During his tenure as Surgeon General, Koop was not political. He was not ideological. And he was not quiet (like many of his predecessors had been). He saw his position as a platform to speak to the public, and he used it, surprising both the right and the left along the way.
The “scientists” who pursue the myth of post-abortion syndrome are scientists of the most dangerous kind: those who use faulty, manipulated research as a means to a political end.
Perhaps the most fascinating part of this mind-bendingly historic election cycle is that so many conservative Republicans are standing up to say they have had enough. They “aren’t leaving their party,” to paraphrase Ronald Reagan when he supported Barry Goldwater’s conservative movement, “their party is leaving them.”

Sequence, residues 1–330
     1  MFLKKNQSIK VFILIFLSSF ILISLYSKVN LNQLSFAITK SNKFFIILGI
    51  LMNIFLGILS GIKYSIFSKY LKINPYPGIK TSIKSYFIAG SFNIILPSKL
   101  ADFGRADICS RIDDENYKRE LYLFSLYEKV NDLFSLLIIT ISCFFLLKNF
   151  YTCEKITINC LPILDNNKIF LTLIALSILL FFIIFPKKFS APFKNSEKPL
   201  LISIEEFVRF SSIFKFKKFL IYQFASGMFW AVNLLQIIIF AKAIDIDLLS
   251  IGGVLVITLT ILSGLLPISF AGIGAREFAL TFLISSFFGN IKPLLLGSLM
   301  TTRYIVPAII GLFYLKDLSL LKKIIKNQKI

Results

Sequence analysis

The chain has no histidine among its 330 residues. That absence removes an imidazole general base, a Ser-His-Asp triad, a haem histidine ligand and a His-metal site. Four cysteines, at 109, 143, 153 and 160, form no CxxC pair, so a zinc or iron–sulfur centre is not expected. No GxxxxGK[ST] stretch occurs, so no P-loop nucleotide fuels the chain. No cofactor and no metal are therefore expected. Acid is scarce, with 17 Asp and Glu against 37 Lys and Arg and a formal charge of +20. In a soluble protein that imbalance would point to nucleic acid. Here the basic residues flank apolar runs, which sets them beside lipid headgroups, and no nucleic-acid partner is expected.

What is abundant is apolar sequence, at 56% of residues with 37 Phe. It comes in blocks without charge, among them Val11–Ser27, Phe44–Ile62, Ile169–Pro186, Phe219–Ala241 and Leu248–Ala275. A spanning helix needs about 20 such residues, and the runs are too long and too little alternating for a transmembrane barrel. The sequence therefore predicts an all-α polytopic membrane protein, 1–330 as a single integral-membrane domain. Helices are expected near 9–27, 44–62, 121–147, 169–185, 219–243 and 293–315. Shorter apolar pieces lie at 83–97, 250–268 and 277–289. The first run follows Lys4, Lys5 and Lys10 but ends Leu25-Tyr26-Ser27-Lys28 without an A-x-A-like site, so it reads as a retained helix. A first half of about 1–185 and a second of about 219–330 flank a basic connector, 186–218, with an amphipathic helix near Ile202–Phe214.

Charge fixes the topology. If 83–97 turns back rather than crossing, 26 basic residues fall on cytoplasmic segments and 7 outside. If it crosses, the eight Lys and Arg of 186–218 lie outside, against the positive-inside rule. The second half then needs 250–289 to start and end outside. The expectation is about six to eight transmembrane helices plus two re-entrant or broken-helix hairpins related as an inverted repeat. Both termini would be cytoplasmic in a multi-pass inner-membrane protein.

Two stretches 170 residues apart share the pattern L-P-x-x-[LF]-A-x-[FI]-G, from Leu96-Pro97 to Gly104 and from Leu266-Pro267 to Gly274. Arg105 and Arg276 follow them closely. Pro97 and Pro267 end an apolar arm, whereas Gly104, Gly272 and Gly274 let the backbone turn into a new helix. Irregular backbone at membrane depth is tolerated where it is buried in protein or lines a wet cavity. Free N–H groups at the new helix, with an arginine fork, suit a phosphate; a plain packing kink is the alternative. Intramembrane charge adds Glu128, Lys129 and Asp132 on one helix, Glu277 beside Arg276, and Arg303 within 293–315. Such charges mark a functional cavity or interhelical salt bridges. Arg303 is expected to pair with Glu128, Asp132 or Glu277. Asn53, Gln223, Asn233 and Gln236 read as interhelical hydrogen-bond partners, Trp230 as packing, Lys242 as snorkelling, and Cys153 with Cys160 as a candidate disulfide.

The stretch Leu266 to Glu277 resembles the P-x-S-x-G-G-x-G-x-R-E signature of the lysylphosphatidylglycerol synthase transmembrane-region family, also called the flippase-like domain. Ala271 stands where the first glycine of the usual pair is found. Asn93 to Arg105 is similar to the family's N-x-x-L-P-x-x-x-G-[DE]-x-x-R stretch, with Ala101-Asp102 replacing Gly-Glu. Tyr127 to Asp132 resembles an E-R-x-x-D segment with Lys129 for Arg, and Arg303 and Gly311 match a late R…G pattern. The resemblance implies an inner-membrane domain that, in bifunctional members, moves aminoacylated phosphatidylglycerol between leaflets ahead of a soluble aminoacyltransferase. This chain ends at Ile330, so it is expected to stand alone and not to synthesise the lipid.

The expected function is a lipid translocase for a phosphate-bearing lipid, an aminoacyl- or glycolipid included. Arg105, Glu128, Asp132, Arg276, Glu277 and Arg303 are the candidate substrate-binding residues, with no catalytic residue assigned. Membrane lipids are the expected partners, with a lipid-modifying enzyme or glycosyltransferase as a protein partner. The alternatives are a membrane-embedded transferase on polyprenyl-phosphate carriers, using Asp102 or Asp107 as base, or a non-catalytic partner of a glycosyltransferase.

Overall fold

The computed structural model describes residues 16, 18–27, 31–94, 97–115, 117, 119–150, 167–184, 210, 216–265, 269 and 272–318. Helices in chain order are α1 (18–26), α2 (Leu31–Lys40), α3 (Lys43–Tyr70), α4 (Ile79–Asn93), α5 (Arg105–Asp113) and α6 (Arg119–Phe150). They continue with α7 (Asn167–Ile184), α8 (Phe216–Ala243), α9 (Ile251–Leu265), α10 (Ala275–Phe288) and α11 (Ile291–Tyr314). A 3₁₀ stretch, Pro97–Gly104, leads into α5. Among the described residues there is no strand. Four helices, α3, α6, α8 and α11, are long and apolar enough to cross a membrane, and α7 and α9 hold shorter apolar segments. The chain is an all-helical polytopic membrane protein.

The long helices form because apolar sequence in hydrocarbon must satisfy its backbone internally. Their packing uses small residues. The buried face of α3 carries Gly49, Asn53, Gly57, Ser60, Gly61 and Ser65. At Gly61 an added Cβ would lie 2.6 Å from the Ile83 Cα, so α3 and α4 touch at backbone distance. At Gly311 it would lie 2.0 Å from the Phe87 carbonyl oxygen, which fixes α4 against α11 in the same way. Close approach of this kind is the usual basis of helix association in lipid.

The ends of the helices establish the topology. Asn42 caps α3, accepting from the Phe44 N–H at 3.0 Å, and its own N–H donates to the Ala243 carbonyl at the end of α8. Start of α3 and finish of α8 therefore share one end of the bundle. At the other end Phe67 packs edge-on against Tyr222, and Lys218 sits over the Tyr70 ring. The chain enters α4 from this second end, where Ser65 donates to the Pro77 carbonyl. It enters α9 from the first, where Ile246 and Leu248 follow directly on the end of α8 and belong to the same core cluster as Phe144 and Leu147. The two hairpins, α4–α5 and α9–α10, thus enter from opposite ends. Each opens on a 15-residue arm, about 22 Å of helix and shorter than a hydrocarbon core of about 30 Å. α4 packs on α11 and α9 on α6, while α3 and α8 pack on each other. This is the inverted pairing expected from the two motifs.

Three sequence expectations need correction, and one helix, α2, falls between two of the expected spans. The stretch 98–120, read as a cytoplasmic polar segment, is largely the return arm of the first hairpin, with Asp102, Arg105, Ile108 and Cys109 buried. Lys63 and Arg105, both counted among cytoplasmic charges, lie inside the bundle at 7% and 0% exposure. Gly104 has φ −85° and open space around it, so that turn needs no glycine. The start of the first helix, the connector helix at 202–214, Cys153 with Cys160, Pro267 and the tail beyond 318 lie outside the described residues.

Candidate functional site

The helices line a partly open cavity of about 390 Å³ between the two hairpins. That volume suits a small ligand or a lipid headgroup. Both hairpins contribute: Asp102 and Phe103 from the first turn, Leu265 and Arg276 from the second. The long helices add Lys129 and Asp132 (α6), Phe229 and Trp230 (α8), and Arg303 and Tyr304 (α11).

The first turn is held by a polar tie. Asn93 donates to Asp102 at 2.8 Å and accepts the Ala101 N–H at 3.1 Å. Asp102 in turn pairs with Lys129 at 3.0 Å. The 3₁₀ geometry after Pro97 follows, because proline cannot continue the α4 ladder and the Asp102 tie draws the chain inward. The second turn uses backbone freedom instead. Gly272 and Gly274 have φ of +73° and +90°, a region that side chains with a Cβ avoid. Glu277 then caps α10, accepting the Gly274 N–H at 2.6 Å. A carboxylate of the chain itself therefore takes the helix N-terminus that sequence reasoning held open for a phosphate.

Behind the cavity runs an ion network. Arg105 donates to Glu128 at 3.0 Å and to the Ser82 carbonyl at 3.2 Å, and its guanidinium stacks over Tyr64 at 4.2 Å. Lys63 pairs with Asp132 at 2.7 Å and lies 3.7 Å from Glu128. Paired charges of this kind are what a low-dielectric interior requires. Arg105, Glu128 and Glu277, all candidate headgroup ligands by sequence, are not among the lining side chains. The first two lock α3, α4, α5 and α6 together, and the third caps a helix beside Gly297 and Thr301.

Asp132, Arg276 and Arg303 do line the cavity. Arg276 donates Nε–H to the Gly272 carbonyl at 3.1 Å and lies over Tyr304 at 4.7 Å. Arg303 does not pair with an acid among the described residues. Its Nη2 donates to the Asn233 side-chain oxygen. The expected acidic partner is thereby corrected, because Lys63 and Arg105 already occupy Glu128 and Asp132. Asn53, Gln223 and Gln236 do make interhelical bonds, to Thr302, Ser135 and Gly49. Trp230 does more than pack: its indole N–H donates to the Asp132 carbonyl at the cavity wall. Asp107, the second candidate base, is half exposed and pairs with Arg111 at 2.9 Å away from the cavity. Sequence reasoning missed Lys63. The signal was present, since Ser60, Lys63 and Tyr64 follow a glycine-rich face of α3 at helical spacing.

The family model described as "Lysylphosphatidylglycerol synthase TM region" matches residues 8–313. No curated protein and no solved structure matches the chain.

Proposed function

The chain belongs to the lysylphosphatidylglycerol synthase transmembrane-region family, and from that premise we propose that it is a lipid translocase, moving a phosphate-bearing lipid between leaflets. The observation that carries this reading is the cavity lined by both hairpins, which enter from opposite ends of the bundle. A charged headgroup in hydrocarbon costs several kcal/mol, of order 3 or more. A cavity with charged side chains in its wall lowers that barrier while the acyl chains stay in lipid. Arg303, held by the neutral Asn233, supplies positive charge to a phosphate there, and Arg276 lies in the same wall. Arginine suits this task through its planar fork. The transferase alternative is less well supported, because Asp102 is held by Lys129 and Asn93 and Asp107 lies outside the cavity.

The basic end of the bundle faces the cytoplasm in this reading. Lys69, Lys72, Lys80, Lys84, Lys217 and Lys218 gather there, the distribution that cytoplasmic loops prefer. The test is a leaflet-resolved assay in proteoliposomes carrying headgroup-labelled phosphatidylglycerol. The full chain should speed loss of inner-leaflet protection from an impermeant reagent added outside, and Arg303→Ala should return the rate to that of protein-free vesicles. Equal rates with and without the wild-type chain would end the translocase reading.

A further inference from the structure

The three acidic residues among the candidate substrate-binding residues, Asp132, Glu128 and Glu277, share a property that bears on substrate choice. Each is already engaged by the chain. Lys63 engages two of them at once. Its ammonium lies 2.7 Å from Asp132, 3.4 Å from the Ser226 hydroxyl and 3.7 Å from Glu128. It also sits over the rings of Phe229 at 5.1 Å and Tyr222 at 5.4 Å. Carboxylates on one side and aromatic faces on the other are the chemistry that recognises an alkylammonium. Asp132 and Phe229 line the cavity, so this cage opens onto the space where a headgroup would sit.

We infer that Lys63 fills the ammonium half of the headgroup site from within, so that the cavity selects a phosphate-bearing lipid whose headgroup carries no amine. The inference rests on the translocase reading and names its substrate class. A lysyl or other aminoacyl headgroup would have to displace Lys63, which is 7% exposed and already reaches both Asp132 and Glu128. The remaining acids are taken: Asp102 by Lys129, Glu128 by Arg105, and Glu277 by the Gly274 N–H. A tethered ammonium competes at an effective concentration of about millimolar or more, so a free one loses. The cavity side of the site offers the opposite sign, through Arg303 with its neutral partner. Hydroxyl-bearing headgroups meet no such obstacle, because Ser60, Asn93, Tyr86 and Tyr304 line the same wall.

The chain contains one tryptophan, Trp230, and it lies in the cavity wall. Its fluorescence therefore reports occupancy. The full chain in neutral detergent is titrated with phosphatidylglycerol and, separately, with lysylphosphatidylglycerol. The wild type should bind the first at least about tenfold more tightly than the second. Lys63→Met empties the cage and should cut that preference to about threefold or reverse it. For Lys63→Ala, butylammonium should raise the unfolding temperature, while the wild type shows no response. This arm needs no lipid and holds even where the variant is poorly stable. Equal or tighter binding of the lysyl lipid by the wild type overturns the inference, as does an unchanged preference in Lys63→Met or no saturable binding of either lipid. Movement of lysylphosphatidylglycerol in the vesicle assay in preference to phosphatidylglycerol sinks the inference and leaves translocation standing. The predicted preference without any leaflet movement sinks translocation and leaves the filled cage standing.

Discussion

Dismiss talk of witch-hunters as fringe wing-nuttery at your own risk — public health advocates know better after dealing with witch-doctors and AIDS. The challenge is distinguishing the good witches from the bad.
The Bush Department of Justice broke the law by using “abortion” and “homosexual” as search terms to determine the political leanings of potential employees, further proof of just how far out of the mainstream Bush has steered the nation. The constitution has become an after thought for Bush political hacks.